How To Play Backgammon Link to heading

A guide on the rules and strategy of backgammon


Introduction Link to heading

Backgammon is a board game with a history spanning more than two thousand years.

Experienced players understand the probabilities of each roll and will choose moves that improve their chances of success, while also being conscious of the rolls and moves their opponent may follow up with.

For a visual explanation of the rules see this video.

Diagram Link to heading

The arrows indicate the checker movement direction of each player.

The dice indicate the roll needed to bear a checker off of the board.


Setup Link to heading

Place 15 checkers for each player on the board as shown above.

Rolling Link to heading

Each player rolls one die to determine who goes first. If the rolls are equal, both players re-roll their single die. The player with the higher roll goes first, without re-rolling. The roll given by each player’s single die determines the first player’s roll. On subsequent turns players roll two dice.

Movement Link to heading

After rolling, checkers may be moved the corresponding value shown on both dice. Both dice values may be used to move a single checker, or two checkers may be moved independently.

If both dice show the same value, the number of moves available is doubled to four total moves. For example, if 2-2 is rolled, it is legal to move a single checker eight spaces or two checkers four spaces each.

When moving a single checker using more than one of the available roll values, the checker must be able to legally make each individual move along the way. For example, if 3-3 is rolled and a single checker is moved from space 2 to 14, the checker must be able to legally move to space 5, 8, 11 and 14.

Checkers may only be moved to spaces that either have no opponent checkers occupying them, or only one opponent checker. If two or more opponent checkers occupy a space, you may not move to it.

If you can not use all two or four of your available moves, you must make as many moves as legally possible before ending your turn. If you can only use part of your dice roll to move, but more than one move is available, you must use the higher value of your dice roll to move.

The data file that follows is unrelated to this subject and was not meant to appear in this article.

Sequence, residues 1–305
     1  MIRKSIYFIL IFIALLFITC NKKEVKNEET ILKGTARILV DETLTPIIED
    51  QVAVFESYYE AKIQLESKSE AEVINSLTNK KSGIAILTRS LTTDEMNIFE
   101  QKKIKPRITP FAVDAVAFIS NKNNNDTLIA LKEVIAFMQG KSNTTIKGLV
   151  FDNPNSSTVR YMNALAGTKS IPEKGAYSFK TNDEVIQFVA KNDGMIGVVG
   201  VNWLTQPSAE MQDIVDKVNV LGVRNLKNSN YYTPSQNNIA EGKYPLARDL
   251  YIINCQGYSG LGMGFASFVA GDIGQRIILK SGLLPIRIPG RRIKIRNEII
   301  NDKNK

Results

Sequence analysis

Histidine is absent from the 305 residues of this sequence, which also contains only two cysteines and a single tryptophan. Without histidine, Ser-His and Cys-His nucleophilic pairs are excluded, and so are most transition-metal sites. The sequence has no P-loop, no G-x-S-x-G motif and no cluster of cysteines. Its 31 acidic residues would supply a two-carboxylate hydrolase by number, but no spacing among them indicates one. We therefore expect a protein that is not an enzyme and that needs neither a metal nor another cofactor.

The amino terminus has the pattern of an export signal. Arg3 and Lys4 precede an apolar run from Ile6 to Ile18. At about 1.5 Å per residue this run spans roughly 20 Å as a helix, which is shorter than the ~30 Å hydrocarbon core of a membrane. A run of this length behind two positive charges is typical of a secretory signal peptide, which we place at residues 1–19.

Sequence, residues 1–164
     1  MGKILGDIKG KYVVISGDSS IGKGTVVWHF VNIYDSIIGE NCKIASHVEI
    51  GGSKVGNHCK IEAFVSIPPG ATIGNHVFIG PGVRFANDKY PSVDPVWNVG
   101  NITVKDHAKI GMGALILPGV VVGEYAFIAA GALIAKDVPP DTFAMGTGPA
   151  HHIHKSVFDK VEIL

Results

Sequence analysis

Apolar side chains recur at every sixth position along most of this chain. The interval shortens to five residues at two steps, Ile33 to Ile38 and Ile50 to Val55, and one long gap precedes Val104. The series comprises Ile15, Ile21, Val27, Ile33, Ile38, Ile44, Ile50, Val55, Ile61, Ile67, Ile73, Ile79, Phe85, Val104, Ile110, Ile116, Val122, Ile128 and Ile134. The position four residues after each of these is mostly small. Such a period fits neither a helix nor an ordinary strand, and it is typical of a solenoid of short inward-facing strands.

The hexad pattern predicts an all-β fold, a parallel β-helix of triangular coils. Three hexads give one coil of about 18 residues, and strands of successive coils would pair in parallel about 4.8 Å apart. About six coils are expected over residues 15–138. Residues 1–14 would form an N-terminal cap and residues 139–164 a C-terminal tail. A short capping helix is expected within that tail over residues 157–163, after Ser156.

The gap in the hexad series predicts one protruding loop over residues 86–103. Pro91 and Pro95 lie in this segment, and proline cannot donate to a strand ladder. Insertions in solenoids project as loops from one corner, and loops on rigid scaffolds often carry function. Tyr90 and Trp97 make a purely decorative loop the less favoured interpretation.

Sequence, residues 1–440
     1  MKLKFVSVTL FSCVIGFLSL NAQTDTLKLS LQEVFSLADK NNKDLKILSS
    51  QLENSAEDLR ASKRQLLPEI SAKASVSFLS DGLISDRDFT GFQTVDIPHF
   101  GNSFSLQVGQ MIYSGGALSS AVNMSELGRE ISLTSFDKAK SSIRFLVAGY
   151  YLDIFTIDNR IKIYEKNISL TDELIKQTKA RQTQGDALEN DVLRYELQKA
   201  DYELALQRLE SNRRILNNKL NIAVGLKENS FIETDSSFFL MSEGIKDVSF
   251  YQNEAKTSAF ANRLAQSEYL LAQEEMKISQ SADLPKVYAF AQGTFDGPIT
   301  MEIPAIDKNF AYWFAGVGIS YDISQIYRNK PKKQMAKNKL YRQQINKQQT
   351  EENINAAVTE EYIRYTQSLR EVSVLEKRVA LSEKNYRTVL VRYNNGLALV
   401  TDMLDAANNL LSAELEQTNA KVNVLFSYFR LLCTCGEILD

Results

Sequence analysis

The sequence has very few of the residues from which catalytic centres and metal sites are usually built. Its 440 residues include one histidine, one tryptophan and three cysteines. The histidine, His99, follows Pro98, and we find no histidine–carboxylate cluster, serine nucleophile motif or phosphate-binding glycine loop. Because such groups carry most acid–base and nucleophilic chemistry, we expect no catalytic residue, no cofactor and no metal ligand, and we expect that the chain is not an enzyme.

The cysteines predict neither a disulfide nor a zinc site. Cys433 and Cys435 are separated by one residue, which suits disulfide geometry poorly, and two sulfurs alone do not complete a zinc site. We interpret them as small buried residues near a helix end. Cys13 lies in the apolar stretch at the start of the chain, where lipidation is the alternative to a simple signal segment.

Hitting Link to heading

If a checker is moved to a space occupied by one opponent checker, the opponent’s checker is “hit” and moved to the bar. The bar is the part of the frame that divides the board in half.

Bearing off Link to heading

The spaces ranging from 6 to 1 (from your view) make up your “home board”. Once all 15 checkers have been moved within your home board you may then bear your checkers off of the board.

An exact roll of the dice matching the space number may be used to bear a checker off. A larger roll than the space number may be used to bear off of the board when there are no checkers in the higher spaces. For instance, if no checkers are located in space number 6, and 6-6 is rolled, you may bear up to four checkers off from space number 5 (and so on to space 4, if space 5 is also empty).

Strategy Link to heading

Prioritize the following:

Defend against opponent “hits” by not placing single checkers on vulnerable spaces.

Create blockades called “primes” by placing at least two checkers on consecutive spaces.

Move checkers outside of your home board rather than those already inside your home board.

Doubling cube Link to heading

The doubling cube is a relatively recent addition to backgammon, being introduced in the 1920s. When playing a match worth more than one point, on a players turn before rolling the dice they may choose to offer the doubling cube to their opponent. If their opponent accepts, the value of the current game is doubled, making a normal win worth two points, a gammon worth four points, and a backgammon worth six points. The player now in possession of the doubling cube may then offer a double of their own at the start of their turn.

A “normal win” refers to a win where the player that lost has borne at least one checker off of the board. If the player that lost has not borne any checkers off, the win is referred to as a “gammon”. If the player that lost, in addition to not having borne any checkers off, has a checker within the home board of the winning player or on the bar, the win is referred to as a “backgammon”.

If you are new to playing backgammon, it is recommended to play matches worth one point. Single point matches are easier for beginners to play and understand because they do not use the doubling cube.

-Trevor Slocum 2024/02/01